RATING: 4 Keys RESULT: Win REMAINING: 12:12
Another day, another psychopath that’s captured us and threatens to kill us if we don’t escape. You’d think they’d learn to pick someone else by now.
Psycho Room’s story is a fairly average one. A killer is on the loose, wreaking having throughout the city and nothing the police force has done seems to be enough to stop him. Naturally, it’s now up to us to solve this case, bring the psycho to justice and save the day.
We’ve found his lair, but, well there’s just one little problem. He planned for that. And now we’re trapped, seemingly destine to become his next victims.
Honestly, for as many killers as we’ve stopped by now, you’d think we’d be more careful to not keep falling for these traps, but here we are.
CAPTVT really shined in the scenic department. Their sets were great, and really set them in a class above much of the LA market. Psycho Room spanned multiple rooms throughout the killer’s home, including a hidden space where he held his victims before they ultimately met their grisly fates.
The space was dark and inherently unwelcoming – almost to the point of being actually scary. And if the space didn’t get you, the jump scare effect behind a sealed door certainly would have!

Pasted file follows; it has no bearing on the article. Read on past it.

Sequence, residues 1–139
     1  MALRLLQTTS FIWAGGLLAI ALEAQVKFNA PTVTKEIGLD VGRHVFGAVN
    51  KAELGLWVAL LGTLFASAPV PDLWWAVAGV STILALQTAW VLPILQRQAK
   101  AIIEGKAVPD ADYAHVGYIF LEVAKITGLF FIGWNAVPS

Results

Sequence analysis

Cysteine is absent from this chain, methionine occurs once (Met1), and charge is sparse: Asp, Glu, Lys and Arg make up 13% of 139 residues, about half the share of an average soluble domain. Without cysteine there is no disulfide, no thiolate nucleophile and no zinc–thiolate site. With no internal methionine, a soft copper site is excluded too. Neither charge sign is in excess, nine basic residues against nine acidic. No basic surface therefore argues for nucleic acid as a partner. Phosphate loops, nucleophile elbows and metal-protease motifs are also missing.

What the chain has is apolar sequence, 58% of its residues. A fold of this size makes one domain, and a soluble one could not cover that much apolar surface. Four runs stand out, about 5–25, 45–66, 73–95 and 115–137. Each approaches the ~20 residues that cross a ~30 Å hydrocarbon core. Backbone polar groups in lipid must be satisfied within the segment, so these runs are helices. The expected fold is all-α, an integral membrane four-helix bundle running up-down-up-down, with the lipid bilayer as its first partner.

But though the sets and decor were of top notch quality – there was something missing to truly carry CAPTVT to the next level: background music. Or audio of any type beyond the preshow video, for that matter.
Can you imagine watching an epic adventure movie with its score muted? Music subliminally paints the picture for us, and without it, we’re left with a certain awkwardness that is difficult to embrace. That awkwardness was Psycho Room – a game that otherwise could have been one of the best in the market suffered because of one poor design choice.
We escaped Psycho Room in roughly 30 minutes – and honestly, it’s really not because the gameplay was necessarily easy – but rather that each step really built logically off the one before it, with everything flowing in a smooth and intuitive way.
Puzzles connected to the killer and his victims, culminating in a giant map of the city wherein we were left like detectives to connect points of crime scenes together with colorful lengths of string, eventually spelling out one of our final codes. It’s a puzzle we’ve seen many times since in games elsewhere, but honestly CAPTVT pulled it off in a far more natural, organic, story-driven way than we’ve ever seen again.
At the end of the day, CAPTVT was a venue with fairly great potential that just never quite managed to apply that final layer of polish. On so many levels they were so close to something special, and each time they fell just inches short.
Unfortunately CAPTVT has permanently closed and as such, we’ll never be able to fully experience the “what ifs” for what could have been from them. We’re glad we were able to have the chance to visit before it was too late, and do have some fond memories of our time there. But ultimately, while they had some good or even great games, they just missed connecting those last few dots.
Location: Los Angeles, California
Number of Games: 2
GAME SPECIFIC INFORMATION:
Duration: 45 minutes
Capacity: 6 people
Group Type: Public / You may be paired with strangers.
Cost: This venue has permanently closed.